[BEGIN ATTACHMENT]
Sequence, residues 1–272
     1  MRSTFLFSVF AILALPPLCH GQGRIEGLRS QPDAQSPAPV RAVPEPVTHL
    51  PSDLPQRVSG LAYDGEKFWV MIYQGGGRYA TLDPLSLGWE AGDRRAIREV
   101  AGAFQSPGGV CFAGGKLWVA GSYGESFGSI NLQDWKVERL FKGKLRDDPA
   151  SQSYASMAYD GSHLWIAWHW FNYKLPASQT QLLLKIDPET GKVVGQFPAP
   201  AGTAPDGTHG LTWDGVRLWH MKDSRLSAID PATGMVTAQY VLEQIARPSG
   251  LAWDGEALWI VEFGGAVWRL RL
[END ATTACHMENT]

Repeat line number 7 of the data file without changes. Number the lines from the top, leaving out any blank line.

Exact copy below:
   251  LAWDGEALWI VEFGGAVWRL RL